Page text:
Estate Planning in NC with Minor Children

Written by Jonathan Breeden

January 17, 2020

When you’re doing the day-to-day work of raising children, estate planning might seem like something that can get pushed further and further down your to-do list. It can even feel morbid to envision a life where you’re not with your children. However, estate planning with children should be a priority. It’s an effective way of protecting your children, preparing for the future, and ensuring that they have what they need.

With offices in Raleigh, Garner, Angier, and Smithfield, Breeden Law Office provides step by step estate planning guidance and compassionate representation throughout Johnston and Harnett Counties, NC. Let us help you come up with a plan that works for you, your family, and gives you some peace of mind.

Call us today at (919) 661-4970 or contact us online to set up an appointment.

Components of Your Estate Plan

A comprehensive estate plan typically includes several parts. The documents and other estate planning tools described below are often important for those with children in mind. However, you should discuss your needs with an estate planning attorney in NC to develop a plan that reflects your family’s unique circumstances.

Last Will and Testament

A last will and testament is essential for parents with minor children. In this document, you can name a guardian to care for your children if you pass away.

It’s recommended that you discuss this decision with the intended guardian because you will want to know if they are ready to take on the responsibility of caring for your children. Your attorney may also recommend naming a backup guardian. This ensures that your children are cared for if your first choice is unable to take guardianship of them.

People and situations change, which is why it’s important to update your will on a regular basis.


Many people rely on trusts to provide for their children’s financial needs. Minor children cannot inherit money from a will, and a trust is a way to allocate money for your children’s care.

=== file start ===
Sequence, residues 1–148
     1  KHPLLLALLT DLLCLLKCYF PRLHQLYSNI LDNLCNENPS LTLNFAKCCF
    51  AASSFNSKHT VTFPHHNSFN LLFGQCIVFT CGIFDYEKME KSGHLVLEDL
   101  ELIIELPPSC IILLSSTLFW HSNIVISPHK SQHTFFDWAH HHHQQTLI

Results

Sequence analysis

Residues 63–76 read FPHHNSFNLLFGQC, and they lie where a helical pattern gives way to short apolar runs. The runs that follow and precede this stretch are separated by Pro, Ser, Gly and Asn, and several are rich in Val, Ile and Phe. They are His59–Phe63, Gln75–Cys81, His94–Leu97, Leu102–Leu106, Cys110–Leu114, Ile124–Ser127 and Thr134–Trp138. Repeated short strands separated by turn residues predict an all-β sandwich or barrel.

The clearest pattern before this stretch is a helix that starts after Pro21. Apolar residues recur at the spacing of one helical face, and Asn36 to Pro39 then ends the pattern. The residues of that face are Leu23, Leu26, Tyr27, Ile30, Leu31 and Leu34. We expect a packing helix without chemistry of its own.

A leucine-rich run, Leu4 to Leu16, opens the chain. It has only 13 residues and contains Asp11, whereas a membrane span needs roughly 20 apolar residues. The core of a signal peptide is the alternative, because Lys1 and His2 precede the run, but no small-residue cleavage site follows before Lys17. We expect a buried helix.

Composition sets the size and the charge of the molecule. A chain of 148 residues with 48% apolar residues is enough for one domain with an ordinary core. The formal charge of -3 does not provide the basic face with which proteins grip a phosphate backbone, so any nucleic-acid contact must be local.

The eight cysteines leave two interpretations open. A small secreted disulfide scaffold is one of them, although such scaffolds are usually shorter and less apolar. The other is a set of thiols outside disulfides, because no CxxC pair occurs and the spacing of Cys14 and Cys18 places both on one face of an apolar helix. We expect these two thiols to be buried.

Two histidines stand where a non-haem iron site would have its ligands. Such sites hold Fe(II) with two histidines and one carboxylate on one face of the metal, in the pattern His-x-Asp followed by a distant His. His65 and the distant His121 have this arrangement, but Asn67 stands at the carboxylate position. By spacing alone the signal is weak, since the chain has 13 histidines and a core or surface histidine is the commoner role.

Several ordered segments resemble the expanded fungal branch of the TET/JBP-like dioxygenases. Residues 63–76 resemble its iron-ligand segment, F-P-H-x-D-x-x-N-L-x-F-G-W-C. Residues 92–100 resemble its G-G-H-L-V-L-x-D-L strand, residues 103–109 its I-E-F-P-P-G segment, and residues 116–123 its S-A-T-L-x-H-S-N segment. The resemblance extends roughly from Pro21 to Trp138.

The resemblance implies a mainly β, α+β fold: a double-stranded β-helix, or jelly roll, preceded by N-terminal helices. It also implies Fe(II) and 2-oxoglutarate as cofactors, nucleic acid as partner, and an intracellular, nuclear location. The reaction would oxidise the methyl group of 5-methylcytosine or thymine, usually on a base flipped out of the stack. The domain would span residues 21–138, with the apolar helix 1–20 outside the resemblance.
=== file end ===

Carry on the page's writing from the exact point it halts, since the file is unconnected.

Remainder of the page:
If you create a trust, you can appoint a trustee to use the money for the children’s care. You may also set it up to distribute money to children when they reach certain ages.

For example, rather than having assets released to a child when they turn 18, you may choose to release a percentage to them at age 18, a percentage at age 25, and a percentage at age 30. This can help ensure that your children will use your assets responsibly.

If you have children with special needs who are likely to need lifelong care, you can also set up a special needs trust. This assigns a trustee to manage your assets and use them for the benefit of your child. A trust structured in this way also allows your child to continue receiving state benefits and aid.

Power of Attorney

Your estate plan does not just provide solutions after you die. It also protects your assets and healthcare preferences if you become incapacitated.

An advanced healthcare directive outlines which actions should be taken to protect your health if you are no longer able to make decisions for yourself. A financial power of attorney gives a named person permission to manage your finances if you become incapacitated.

Life Insurance

Life insurance is a great tool for young and growing families. Having a life insurance policy for each parent ensures that the surviving partner will be able to maintain their family’s standard of living, even with a decrease in income.

There are many factors that go into which type of life insurance you need and how much you need, including your level of familial support, income, other assets, and familial expenses . You should discuss your goals with an estate planning attorney to find a plan that suits you.

Reach Out to Breeden Law Office

No one wants to think about passing away before they’re ready, especially when they have young children to raise.

Discussing your fears, goals, and concerns with an estate planning attorney in North Carolina can help make sure that your family is taken care of. Learn more about estate planning with children by contacting Breeden Law Office.

Fill out our contact form or call (919) 661-4970 to set up a consultation.


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